That premium is critical, because if it’s too low, producers won’t see the value in growing non-GM soybeans and shortages can result. As with many things these days, it’s all about supply and demand.
“The marketplace seems to move in cycles of two to three years,” said Maxim Charbonneau, Commercial Manager (Grain Desk) with Sevita International, a company that offers soybean research and development, certified seed, grower contracting and crop production, and food-grade non-GM soybean supplies.
Over the last five years, Charbonneau has seen premiums for non-GM soybeans nearly triple from $45 to $50 per tonne in 2011 to $100 to $160 per tonne last year, depending on the variety.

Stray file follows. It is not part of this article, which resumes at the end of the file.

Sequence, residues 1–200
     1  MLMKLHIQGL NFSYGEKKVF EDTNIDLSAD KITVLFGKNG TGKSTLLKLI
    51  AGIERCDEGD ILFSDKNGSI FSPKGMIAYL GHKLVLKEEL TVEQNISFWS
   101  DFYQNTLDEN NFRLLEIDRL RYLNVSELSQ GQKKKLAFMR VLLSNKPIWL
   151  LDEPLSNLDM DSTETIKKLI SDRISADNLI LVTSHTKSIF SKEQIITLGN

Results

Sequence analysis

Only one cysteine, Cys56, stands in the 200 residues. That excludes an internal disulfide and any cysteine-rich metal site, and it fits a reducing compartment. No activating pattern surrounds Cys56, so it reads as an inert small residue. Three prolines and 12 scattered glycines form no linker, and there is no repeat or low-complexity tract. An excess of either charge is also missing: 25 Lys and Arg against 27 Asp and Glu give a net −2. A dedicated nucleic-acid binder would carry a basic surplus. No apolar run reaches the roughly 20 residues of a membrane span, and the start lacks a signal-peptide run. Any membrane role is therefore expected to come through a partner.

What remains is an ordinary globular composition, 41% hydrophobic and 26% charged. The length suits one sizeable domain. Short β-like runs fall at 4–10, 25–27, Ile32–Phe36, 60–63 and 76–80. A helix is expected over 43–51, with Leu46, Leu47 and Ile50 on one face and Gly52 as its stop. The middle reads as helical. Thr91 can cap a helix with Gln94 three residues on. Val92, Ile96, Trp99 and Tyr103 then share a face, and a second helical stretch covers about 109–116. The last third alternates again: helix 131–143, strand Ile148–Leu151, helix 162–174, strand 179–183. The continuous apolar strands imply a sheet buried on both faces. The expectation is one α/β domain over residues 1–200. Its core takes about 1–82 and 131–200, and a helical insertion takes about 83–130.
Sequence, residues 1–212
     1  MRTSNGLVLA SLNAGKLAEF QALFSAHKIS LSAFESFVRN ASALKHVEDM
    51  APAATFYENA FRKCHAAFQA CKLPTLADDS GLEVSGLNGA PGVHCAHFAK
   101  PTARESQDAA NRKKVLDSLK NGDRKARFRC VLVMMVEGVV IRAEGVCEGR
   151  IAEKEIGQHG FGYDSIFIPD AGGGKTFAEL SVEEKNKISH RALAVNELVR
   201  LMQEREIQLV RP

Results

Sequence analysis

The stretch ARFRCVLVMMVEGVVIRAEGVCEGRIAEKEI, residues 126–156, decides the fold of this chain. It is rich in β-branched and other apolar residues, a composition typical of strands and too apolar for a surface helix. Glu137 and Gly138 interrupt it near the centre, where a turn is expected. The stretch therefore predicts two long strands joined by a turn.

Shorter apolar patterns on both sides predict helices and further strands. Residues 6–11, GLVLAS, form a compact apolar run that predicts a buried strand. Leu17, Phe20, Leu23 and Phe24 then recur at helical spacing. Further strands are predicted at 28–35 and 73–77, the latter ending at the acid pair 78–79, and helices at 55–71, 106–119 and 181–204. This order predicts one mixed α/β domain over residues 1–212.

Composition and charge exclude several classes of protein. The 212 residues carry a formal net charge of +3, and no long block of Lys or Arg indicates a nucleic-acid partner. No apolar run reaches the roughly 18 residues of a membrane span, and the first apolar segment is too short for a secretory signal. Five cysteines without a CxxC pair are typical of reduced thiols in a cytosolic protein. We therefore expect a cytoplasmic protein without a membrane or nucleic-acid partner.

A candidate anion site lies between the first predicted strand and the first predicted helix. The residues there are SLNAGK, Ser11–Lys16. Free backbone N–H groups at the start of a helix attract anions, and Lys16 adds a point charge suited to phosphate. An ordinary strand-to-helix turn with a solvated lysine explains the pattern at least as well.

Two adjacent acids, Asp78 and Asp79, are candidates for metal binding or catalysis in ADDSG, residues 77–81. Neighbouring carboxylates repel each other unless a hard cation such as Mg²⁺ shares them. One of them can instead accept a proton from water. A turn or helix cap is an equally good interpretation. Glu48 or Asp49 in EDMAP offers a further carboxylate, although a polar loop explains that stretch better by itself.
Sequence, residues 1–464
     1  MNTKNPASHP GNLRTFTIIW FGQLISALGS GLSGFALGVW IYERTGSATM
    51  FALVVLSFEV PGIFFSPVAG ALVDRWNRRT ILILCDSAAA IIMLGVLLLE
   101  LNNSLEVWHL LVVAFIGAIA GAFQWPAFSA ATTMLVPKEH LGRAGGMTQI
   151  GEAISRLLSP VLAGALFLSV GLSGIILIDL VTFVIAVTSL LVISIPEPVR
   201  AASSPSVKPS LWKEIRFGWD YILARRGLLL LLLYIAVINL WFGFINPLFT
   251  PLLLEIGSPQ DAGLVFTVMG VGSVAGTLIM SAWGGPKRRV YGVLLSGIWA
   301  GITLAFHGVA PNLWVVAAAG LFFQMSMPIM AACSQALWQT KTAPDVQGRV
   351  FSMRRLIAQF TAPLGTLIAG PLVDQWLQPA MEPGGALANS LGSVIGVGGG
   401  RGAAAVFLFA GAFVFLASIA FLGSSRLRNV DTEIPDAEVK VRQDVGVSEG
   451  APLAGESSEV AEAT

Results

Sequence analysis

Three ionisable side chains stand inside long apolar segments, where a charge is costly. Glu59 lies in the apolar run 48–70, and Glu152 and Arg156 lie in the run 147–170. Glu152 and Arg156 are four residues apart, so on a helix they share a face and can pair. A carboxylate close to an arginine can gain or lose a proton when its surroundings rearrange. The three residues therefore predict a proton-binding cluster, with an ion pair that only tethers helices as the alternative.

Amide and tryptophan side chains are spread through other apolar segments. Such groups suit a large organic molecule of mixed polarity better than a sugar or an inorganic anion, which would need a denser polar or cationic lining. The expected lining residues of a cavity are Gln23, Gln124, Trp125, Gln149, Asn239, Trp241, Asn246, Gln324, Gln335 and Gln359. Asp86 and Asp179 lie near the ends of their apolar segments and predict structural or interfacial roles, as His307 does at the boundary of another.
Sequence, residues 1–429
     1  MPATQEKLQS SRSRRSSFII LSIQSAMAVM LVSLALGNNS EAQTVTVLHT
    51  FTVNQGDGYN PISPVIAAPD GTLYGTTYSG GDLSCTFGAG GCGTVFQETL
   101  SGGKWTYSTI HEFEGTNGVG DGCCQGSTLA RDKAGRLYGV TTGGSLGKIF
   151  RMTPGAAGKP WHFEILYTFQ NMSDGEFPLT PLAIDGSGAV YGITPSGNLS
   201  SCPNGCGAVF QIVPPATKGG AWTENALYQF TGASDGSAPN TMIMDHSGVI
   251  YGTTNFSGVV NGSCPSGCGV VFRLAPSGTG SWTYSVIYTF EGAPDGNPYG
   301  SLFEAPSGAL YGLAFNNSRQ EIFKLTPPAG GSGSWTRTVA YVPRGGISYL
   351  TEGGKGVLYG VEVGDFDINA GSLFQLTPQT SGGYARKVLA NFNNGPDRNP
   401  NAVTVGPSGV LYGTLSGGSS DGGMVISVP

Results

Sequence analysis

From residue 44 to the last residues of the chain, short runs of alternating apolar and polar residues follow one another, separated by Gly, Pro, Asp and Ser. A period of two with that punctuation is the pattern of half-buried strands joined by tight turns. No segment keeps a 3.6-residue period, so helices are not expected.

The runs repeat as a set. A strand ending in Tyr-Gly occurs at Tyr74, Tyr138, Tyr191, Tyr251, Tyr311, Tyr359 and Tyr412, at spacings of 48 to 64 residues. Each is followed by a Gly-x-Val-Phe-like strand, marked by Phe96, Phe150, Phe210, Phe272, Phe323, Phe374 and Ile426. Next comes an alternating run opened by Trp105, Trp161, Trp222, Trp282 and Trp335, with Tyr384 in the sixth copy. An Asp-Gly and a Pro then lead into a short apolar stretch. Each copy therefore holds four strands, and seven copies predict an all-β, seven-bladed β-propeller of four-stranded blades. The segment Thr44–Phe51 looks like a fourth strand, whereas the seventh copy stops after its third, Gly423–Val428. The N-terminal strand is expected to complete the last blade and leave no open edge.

“2015 saw the highest premiums paid, causing overproduction of non-GM soybeans in 2016 as supply badly outpaced demand. When exporters have enough supply, premiums may decrease; then supply drops for the next year so premiums increase.”
You get the idea.
Depending on how you look at it, Charbonneau said the method of setting prices could be a blessing or a curse for both GM and non-GM producers.
“The downside to growing GM beans is that you’re not getting a premium, just whatever the local elevator is paying, so you have no way to improve your bottom line. With non-GM, on the other hand, you do receive that premium but you’re really at the mercy of supply and demand from year to year.”
As farmers, we need to see this as a long-term investment in Canada’s future. I think the Canadian producer is in a prime position to help grow our market share and support one of the world’s most important players for non-GM soybeans.”
So is that premium enough to make growing non-GM soybeans worth your while? It really depends on your unique circumstances, but if you’re Hugh Dietrich, the answer is a resounding “yes.”